CIO role could shift toward data quality, says IBM group

The subprime mortgage crisis illustrates the critical need for enterprises to implement processes for governing data, says IBM Council chairman.

Data will be treated as an asset on the corporate balance sheet, and in some countries data governance will become a regulatory requirement.

"Looking operationally at the quality of information and the probability of risk in our systems and using those metrics for decision making is imperative."

Steven Adler, Chairman, IBM Data Governance Council

Those are among the predictions released this week by the IBM Data Governance Council, a group of 50 IBM customers and partners, including Bank of America Corp., Citibank and American Express Co.

The group also predicts that over the next four years CIOs will become responsible for reporting on data quality, and calculating risk will shift from a specialized task by risk officers to an automated IT function.

The predictions are intended to stress the importance of data governance and how critical it is that organizations invest in an ongoing process for controlling mountains of data, said Steven Adler, chairman of the council and director of IBM's data governance products.

"We've all been watching the subprime credit crisis as it unravels," he said. "One thing we should probably learn from that experience is that transparency is really important. ... Looking operationally at the quality of information and the probability of risk in our systems and using those metrics for decision making is imperative."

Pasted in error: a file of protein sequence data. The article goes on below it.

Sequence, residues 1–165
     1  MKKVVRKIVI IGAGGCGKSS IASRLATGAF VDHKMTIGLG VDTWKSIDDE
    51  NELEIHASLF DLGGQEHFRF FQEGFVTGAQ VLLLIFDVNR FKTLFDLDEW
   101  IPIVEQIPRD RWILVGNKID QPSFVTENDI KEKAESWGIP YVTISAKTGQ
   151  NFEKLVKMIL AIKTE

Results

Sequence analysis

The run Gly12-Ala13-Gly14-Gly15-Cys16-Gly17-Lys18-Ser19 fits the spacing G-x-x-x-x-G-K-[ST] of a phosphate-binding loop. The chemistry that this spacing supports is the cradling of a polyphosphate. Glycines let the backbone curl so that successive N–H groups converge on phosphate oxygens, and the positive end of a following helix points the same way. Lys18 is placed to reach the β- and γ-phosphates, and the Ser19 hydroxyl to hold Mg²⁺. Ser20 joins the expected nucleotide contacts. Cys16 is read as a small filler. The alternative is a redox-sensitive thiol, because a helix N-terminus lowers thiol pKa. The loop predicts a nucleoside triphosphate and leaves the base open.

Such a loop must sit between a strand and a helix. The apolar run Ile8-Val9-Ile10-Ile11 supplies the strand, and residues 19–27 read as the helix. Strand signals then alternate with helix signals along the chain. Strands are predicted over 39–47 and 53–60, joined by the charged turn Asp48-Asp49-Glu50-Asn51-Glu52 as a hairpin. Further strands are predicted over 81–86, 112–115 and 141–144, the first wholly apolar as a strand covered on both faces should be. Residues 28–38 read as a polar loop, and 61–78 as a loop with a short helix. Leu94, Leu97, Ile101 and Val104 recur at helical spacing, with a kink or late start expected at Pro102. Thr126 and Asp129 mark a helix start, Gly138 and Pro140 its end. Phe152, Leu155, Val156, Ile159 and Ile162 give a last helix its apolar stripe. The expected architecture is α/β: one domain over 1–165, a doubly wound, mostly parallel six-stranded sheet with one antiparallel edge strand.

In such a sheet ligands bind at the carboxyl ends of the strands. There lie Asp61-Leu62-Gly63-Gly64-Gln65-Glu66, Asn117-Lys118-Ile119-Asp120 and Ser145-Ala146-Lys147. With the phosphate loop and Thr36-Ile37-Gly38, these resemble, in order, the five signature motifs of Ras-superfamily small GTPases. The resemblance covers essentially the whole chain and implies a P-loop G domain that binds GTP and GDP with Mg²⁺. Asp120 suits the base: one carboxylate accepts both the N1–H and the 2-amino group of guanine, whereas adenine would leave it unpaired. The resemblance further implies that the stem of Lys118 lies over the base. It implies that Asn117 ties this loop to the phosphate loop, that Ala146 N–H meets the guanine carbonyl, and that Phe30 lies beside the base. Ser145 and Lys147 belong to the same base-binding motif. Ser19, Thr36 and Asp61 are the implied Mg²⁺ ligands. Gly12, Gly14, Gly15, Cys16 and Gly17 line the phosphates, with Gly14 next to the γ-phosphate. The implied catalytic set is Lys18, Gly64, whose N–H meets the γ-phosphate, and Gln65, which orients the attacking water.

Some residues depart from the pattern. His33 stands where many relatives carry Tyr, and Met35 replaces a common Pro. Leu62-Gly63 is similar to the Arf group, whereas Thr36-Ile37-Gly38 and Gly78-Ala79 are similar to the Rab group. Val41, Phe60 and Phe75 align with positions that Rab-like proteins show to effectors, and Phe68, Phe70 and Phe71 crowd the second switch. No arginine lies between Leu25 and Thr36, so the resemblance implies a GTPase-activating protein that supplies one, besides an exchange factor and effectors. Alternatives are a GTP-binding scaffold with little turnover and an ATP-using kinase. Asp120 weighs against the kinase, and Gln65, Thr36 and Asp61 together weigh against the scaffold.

The subprime mortgage debacle, fueled by fraudulent data and a lack of enterprise risk management, illustrates a systemic problem, Adler said. Data governance requires a systemic approach -- one that the CIO could take charge of by leading a corporate council, he added.

Financial institutions in countries where central banks are helping them comply with regulations such as Basel II expect data governance to become a regulatory requirement, he said.

One of the biggest risks to organizations is "bad data quality," Adler said. Enterprise managers often look at reports, dashboards and other information sources but unless they're extremely close to the data, they have no way of judging its quality. "The poor quality poses risks to the organization and people need to calculate that risk. These are really big organizational challenges because we have so much information," he said.

Rob Karel, principal analyst at Forrester Research Inc., said the IBM council's predictions could pan out long term. "It's the direction we see data governance moving."

However, he added that very few organizations have implemented enterprise-wide data governance. "It's still pretty immature, poorly adopted and poorly understood," he said.

In some respects, SOX already has some data governance requirements, but it's just not clear what those requirements are, Karel said. Certain types of data in the U.S. and the European Union already fall under regulations that call for data governance, he added. "I don't expect generic data governance requirements. They will be specific to certain types of data."

Data governance, which he defines as the process by which an organization formalizes a fiduciary duty for management of data assets critical to its success, offers a lot of opportunities. Any data management initiative, such as data warehousing, will benefit from ensuring data quality.

"Data governance can allow your existing investment in data management technology to actually return the value you've planned," he said.

The IBM Data Governance Council plans to develop an information governance framework based on its existing data governance maturity model. Adler said the council is inviting other organizations to help develop the framework, which will define standards and best practices.

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